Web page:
• Senior clinicians submit vote of no confidence in medical director
  • Trust commissions investigation into allegations about George Thomson
  • Consultants at previous trust raised concerns about his behaviour in 2013

Consultants at an acute and community trust have attempted to block the medical director’s potential bid to become chief executive amid allegations of bullying and intimidation.

Senior doctors at Northern Devon Healthcare Trust issued a vote of no confidence in George Thomson in January after believing he was planning to apply to be the new chief executive, several sources told HSJ.

Current chief executive Alison Diamond is retiring at the end of the month.

In a letter, seen by HSJ, sent by the medical advisory committee to the trust’s executive team, the consultants highlighted the reasons for their lack of confidence in Dr Thomson.

These included:

  • “Safety concerns” in the maternity department after a “lack of progress and support for staff”, following visits by the Royal College of Obstetricians and Gynaecologists and the Care Quality Commission after several serious incidents were recorded.
  • Lack of leadership to establish “useful working relationships” with other trusts in Devon under the area’s mutual aid scheme.
  • Concerns about intimidating and bullying behaviour towards senior clinicians.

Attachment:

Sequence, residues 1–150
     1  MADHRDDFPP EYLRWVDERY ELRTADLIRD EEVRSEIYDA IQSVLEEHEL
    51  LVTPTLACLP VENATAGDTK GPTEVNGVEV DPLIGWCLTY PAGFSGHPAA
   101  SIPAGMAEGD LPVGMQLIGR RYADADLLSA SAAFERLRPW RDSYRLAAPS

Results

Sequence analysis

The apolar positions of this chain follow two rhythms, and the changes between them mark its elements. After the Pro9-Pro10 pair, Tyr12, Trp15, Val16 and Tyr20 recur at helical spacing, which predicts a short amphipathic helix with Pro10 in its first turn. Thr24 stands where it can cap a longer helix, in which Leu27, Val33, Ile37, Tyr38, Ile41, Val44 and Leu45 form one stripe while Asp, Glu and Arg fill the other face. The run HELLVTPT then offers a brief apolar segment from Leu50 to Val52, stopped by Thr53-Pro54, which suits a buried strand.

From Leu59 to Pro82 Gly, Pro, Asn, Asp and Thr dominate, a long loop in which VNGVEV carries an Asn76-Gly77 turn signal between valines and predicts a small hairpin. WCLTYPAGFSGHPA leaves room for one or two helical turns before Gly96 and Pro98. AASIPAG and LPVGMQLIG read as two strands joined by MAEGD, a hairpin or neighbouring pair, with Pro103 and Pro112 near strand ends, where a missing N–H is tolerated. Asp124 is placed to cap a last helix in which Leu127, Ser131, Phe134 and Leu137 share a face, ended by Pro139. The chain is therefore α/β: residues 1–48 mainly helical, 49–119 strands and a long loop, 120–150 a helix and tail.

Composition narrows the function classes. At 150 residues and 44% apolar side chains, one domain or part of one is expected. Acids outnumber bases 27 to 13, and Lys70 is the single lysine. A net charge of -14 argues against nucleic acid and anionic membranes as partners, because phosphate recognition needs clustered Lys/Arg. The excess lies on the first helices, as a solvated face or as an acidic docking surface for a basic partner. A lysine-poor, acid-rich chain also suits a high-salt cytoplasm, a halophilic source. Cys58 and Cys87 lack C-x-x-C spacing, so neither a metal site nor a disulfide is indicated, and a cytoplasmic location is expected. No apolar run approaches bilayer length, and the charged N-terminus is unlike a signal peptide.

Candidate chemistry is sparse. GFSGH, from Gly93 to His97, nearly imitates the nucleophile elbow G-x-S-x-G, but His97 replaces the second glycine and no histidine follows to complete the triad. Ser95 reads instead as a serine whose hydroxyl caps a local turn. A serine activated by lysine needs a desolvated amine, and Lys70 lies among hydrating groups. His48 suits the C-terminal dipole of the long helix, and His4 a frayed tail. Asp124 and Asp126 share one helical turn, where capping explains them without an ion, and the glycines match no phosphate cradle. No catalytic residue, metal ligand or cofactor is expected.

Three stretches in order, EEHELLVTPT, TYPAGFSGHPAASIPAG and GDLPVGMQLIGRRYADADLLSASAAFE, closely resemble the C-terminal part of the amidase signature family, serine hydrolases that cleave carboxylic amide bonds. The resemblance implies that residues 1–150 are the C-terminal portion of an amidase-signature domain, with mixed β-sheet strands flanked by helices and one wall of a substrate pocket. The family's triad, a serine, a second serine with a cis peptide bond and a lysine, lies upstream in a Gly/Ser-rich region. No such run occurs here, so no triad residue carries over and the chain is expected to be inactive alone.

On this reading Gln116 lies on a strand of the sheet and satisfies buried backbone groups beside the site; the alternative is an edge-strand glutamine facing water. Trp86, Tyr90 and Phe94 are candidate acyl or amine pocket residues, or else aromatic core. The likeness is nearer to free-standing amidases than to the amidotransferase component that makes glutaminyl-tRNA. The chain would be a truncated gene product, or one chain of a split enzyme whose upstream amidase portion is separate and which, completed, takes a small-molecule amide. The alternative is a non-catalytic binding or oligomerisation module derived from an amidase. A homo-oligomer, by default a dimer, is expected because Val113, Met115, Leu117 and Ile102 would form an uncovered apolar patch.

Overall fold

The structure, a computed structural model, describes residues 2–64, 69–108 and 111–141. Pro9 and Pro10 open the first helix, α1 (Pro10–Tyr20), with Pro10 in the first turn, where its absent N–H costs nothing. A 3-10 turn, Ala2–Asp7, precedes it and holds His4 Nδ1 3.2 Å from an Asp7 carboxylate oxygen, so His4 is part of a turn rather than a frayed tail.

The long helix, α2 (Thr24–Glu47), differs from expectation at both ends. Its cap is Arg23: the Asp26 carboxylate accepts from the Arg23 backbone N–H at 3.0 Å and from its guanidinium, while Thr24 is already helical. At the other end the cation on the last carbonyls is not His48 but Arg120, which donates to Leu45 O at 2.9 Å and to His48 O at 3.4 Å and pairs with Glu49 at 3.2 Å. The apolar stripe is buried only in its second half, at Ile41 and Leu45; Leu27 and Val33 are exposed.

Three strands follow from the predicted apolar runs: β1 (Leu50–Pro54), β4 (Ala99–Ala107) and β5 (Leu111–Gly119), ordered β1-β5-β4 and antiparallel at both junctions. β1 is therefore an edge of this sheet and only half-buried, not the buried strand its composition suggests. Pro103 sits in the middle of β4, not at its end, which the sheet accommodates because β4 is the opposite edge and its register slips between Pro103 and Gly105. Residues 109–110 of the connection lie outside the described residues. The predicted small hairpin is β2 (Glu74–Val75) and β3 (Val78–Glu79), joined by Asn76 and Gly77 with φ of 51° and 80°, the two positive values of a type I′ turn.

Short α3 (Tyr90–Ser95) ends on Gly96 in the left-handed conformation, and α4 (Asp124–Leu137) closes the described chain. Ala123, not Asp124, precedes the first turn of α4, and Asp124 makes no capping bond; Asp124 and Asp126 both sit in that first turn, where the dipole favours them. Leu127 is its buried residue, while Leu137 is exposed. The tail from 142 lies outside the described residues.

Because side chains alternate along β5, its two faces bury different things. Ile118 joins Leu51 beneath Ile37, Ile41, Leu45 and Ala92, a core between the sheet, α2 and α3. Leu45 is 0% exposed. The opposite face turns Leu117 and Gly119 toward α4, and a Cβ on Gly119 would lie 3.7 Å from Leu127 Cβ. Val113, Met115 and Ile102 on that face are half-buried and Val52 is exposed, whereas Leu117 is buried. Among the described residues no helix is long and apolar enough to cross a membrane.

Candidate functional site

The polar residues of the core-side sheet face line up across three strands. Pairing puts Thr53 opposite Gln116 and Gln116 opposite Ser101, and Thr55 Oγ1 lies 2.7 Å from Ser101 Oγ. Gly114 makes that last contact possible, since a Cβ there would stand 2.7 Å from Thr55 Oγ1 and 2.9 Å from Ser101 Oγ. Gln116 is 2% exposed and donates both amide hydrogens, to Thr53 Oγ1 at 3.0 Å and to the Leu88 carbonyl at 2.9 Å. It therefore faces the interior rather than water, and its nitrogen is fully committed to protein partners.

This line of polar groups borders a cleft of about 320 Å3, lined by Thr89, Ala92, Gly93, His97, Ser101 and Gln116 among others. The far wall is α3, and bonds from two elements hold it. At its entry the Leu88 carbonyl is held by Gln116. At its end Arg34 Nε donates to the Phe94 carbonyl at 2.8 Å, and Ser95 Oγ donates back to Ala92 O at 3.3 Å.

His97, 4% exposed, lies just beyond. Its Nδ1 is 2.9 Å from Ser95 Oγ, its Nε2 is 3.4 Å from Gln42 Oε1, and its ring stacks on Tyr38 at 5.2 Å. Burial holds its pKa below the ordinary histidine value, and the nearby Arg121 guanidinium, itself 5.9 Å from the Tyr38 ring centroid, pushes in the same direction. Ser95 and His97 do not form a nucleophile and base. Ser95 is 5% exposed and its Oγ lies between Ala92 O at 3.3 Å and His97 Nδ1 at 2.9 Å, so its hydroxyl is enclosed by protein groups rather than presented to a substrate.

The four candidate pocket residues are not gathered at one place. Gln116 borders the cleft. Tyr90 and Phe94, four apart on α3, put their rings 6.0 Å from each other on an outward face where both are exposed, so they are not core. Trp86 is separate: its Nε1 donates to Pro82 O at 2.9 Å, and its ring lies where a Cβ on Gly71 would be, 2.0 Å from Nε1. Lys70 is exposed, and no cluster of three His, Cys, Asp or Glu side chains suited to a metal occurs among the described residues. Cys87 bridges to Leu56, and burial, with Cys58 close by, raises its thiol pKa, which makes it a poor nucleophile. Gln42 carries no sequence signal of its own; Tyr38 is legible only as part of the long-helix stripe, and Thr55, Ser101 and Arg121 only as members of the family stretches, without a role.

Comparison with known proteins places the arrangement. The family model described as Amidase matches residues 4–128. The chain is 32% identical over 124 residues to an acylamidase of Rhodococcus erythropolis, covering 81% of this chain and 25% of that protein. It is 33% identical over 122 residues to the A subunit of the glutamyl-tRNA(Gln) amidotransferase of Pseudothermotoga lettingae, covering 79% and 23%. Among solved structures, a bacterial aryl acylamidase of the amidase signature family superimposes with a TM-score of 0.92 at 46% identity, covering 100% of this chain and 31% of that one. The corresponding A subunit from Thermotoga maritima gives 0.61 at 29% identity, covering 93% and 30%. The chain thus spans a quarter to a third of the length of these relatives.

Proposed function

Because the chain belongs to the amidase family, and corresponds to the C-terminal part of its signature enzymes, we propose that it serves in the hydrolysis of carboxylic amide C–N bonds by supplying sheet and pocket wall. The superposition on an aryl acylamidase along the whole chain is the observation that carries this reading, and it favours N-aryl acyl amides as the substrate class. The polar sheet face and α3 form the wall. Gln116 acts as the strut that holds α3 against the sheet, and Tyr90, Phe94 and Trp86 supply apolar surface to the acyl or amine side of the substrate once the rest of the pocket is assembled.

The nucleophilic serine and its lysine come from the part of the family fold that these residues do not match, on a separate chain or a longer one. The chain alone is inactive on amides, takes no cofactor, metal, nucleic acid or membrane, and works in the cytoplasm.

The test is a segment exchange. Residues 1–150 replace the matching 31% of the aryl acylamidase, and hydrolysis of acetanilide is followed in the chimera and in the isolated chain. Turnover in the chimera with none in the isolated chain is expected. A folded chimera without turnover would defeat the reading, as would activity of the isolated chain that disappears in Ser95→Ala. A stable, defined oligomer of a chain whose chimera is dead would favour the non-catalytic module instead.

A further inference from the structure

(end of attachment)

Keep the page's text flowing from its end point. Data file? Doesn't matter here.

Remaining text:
The letter, by committee chair Karen Davies and vice chair Caspar Gibbon, also said senior clinicians felt previous attempts to raise concerns “within and outside the trust” had been “ineffective”.

George thomson

George Thomson joined Northern Devon from Rotherham in 2014

“In addition, should George Thomson apply for the position of chief executive (interim or permanent) we would not support his appointment,” they said.

The trust has commissioned a “fully independent” investigation into the concerns raised about Dr Thomson. It refused to say which organisation would carry out the investigation.

The trust’s latest CQC report, published last month, said inspectors found a “longstanding poor working culture in maternity” and “poor multidisciplinary working between consultant obstetricians and midwives”.

Documents seen by HSJ also show consultants at Rotherham Foundation Trust, Dr Thomson’s previous employer, expressed concern about his behaviour in 2013.

More than 50 senior clinicians and consultants sent a letter to Rotherham’s board over “continuing concerns” about Dr Thomson’s “attitude and behaviour”. Dr Thomson joined the trust as chief medical officer in 2012.

In May 2014, Dr Thomson was reported as having been away from work for more than six months, while continuing to receive his £185,000 salary.

The letter was then received by Dr Diamond during the recruitment process that led to Dr Thomson joining Northern Devon in November 2014. She advised Northern Devon’s consultants at the time that further discussion about Dr Thomson’s appointment should be “closed down”.

A spokeswoman for Northern Devon said Dr Thomson remains an employee of the trust but his duties are partly being covered by other senior clinicians.

However, HSJ understands Dr Thomson has not been onsite since January.

The spokeswoman said the trust has a “full and thorough” checking process based on “national standards” for staff recruitment.

“All directors have to comply with a fit and proper persons assessment on appointment and every year once in employment,” she added.

HSJ was unable to obtain a comment from Dr Thomson ahead of publication.